CROSS REFERENCE TO RELATED APPLICATIONS
This application claims priority under 35 U.S.C. § 119(e) from U.S. Provisional Patent Application Nos. 60/680,925, filed on May 13, 2005, and 60/718,947, filed on Sep. 20, 2005, both of which are incorporated herein by reference.
STATEMENT REGARDING SPONSORED RESEARCH OR DEVELOPMENT
REFERENCE TO SEQUENCE LISTING
BACKGROUND OF THE INVENTION
1. Field of the Invention
This invention relates generally to antenna systems, and more particularly to vehicle-mounted antennas for use with warehouse management systems.
2. Description of Related Art
Current “best practices” employed in the movement and tracking of goods in warehouses and distribution centers include the use of barcode-based data collection and wireless networked computers on lift trucks and other mobile material handling equipment. While these technologies have greatly enhanced the efficiency and accuracy of warehousing operations over recent decades, they still fundamentally rely on manual data collection activity in the validation of material movement. Two aspects are key elements to enhance efficiency.
One aspect is automated data collection needs to be synchronized with operator directives and activity. Operators are typically presented with instructions from the warehouse management software application on the screen of a mobile wireless computer on the lift truck. Upon completion of the required action, the operator typically enters data through a bar code scan or keyboard entry to confirm accurate completion of the task. The information is transmitted over a wireless connection to the application on a network server. The application may then assign the operator the next task. Thus, the application and process require real-time, precise data, appropriate to the task and synchronous with operator actions and application instructions.
The second aspect is that almost all full pallet load moves require two basic data collection elements: (1) load identification and (2) location identification. If, for instance, a lift operator is instructed to drive to a particular location, he may then be required to scan a bar code to verify that he has arrived at the correct location. If he is then directed to pick up a pallet, he may then be required to scan a bar code on the pallet load to identify the load to the application software. A subsequent instruction to deposit the load at a particular location would typically be followed by a bar code scan identifying the deposit location to validate task compliance. Each of these scanning activities requires human intervention or other additional activity that can reduce overall process efficiency. Thus, these processes can be improved if the above data collection elements could be more seamlessly integrated into existing warehouse activities.
The use of radio frequency identification (RFID) technology presents great promise for automating the data collection process. A RFID system typically uses a RFID tag reader to query a RFID tag attached to an object. The RFID tag provides certain information associated with the tagged object.
Prior attempts to effectively implement RFID technology in a warehouse environment have typically failed to fully take into account the aspects mentioned above. For example, the use of RFID “portals” at dock doors in warehouses is typically intended to deliver identification of the load passing through the portal and to designate the location (dock door) identification through the reader's network address. However, this is seldom synchronized with lift operator instructions and application instructions to the operator. Also, the attractive characteristic of RFID as a solution approach is that it can be automated easily and does not require “line of sight” to identify items or locations. RFID systems can, and typically do, read multiple tags; but this often results in extraneous data, which fails to deliver discrete, precise data as required by the application. Thus, the use of RFID systems in warehouse inventory control presents a unique set of problems that have to be resolved to ensure efficient operation of the RFID system.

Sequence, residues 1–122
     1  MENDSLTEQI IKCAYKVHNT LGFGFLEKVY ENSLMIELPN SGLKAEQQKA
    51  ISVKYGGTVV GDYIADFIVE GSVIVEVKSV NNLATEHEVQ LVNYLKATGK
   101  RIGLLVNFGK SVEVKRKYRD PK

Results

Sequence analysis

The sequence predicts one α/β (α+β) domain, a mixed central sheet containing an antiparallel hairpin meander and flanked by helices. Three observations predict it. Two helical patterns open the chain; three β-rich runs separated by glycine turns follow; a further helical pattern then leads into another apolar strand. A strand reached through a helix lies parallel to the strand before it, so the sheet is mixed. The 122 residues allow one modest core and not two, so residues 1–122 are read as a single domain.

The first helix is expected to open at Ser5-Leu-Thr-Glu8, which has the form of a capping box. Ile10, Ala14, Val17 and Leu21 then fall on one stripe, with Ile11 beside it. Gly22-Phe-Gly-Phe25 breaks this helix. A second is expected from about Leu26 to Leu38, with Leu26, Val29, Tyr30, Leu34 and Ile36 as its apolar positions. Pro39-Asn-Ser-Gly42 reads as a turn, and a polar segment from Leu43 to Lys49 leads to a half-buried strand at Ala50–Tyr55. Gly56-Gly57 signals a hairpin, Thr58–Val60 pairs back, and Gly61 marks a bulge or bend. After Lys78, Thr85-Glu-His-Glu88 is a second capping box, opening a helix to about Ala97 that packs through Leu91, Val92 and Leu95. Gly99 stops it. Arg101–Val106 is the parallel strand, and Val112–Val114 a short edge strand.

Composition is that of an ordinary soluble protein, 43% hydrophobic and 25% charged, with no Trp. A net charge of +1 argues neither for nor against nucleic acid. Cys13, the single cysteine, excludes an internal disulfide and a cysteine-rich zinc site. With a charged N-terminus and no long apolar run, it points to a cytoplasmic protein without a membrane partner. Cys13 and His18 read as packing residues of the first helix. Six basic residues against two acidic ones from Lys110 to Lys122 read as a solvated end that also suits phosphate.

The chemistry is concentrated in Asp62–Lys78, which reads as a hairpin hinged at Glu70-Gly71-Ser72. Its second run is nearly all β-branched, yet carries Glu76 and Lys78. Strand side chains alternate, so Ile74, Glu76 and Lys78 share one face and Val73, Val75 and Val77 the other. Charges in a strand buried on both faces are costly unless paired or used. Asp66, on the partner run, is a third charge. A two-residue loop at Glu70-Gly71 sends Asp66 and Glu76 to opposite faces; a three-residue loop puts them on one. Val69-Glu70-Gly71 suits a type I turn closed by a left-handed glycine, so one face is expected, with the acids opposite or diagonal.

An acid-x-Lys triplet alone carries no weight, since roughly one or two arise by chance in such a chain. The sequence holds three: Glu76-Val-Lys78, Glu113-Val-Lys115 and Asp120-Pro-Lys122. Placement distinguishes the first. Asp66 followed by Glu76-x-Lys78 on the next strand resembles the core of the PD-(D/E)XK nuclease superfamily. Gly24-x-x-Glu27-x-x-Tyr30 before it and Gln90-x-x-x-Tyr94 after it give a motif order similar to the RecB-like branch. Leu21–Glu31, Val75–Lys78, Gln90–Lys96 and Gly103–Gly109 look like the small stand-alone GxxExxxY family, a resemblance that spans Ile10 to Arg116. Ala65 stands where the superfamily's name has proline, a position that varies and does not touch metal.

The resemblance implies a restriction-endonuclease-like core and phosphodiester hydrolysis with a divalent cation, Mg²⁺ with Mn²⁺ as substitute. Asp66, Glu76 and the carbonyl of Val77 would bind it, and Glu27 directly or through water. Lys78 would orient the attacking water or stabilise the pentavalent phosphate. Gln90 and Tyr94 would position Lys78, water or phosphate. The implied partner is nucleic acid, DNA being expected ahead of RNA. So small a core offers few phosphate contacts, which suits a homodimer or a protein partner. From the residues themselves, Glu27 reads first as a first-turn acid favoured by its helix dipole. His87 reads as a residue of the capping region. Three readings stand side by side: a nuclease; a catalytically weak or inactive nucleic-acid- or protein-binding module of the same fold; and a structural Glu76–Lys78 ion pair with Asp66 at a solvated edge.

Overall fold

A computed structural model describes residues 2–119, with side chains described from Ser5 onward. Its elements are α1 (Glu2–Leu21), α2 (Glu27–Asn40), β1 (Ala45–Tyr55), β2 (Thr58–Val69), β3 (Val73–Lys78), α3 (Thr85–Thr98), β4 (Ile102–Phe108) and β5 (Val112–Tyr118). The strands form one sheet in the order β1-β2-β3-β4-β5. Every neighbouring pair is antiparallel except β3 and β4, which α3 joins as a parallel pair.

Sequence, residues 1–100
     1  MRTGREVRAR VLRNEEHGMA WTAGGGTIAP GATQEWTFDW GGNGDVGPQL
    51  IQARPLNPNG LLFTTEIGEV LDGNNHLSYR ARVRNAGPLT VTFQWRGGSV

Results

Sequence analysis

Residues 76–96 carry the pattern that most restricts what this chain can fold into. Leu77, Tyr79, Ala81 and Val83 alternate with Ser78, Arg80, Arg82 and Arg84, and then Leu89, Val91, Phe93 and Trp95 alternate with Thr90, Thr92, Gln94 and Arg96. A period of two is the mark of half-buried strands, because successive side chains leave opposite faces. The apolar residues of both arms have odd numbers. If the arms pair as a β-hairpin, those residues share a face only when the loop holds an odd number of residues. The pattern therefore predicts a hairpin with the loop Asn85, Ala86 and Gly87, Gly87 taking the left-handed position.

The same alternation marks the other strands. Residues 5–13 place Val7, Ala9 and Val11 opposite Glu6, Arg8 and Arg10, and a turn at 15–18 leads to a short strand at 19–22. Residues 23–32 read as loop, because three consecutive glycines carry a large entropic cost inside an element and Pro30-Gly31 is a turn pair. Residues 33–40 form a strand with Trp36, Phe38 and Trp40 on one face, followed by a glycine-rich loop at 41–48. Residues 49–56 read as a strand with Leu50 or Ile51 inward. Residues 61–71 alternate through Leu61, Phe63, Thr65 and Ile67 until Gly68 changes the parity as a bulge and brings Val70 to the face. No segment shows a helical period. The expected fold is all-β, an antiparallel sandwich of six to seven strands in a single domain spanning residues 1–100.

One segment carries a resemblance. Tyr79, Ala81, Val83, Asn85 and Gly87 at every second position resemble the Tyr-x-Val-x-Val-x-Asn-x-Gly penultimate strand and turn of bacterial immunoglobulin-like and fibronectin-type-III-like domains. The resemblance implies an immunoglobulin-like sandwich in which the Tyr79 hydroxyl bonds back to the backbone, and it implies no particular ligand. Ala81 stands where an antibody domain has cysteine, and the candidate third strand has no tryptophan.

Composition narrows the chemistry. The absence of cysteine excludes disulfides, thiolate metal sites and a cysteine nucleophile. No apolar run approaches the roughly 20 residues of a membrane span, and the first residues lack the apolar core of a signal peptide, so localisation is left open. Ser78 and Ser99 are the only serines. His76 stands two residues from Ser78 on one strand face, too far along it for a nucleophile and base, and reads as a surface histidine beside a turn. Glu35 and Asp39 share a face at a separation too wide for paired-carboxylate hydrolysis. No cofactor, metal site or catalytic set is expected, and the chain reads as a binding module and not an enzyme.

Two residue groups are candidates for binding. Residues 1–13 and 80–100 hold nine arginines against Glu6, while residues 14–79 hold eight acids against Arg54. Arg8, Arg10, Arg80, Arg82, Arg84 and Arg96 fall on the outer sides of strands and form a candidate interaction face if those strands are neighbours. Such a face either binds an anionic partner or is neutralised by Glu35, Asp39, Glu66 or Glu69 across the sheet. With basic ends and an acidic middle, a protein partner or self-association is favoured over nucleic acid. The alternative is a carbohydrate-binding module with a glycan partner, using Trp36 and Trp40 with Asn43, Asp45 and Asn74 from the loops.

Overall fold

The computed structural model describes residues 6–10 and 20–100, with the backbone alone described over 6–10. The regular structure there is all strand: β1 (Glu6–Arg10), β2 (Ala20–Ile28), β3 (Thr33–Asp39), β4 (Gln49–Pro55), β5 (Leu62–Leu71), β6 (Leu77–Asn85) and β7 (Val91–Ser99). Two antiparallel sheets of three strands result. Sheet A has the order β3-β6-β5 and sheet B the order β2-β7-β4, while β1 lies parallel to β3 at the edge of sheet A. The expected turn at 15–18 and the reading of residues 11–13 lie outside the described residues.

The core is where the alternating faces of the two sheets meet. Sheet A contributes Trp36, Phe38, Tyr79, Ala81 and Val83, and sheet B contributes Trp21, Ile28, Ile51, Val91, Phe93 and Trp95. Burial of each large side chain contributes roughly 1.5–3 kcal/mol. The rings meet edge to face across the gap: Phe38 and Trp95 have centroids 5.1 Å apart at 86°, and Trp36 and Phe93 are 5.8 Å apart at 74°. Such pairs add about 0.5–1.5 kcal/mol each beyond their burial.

To be successful for use in a warehouse inventory control, the RFID-based solution should address the first and second aspects above. A key to the first aspect will be that the RFID implementation becomes inherently part of the synchronized activities of the lift operation itself. A key to the second aspect will be that the RFID implementation collects precisely the data expected and required at each step of the lift operation.
With specific reference to warehouse inventory control, the RFID system has to efficiently operate in a harsh operating environment that is typical of a warehouse. RFID tag readers are installed at various locations in the warehouse. Some of these locations are stationary mounting locations, such as that of a RFID tag reader installed on a post located adjacent to a conveyor belt. Other locations are mobile mounting locations, such as that of a RFID tag reader installed on a forklift. One particular function of the RFID tag reader mounted on the forklift is to communicate with RFID tags attached to various objects transported by the forklift.
Mounting the RFID tag reader upon the forklift involves several operational as well as logistical considerations. Consequently, prior to installation of the RFID tag reader, an acceptable mounting location has to be identified such that installation and operation of the RFID tag reader will not interfere with, nor be affected by, the operation of the forklift. Particularly, antennas for communicating with RFID tags should be mounted in a manner that addresses multiple factors.
For example, in some instances, a limited signal strength is required to prevent reading of undesired adjacent RFID tags. Thus, there may be a need to mount antennas for the RFID reader at the front area of the forklift. Furthermore, signal strength requirements may vary for particular applications or types of inventory packaging. Antennas should be located in a manner to improve probability of a correct tag read for numerous inventory types and power requirements.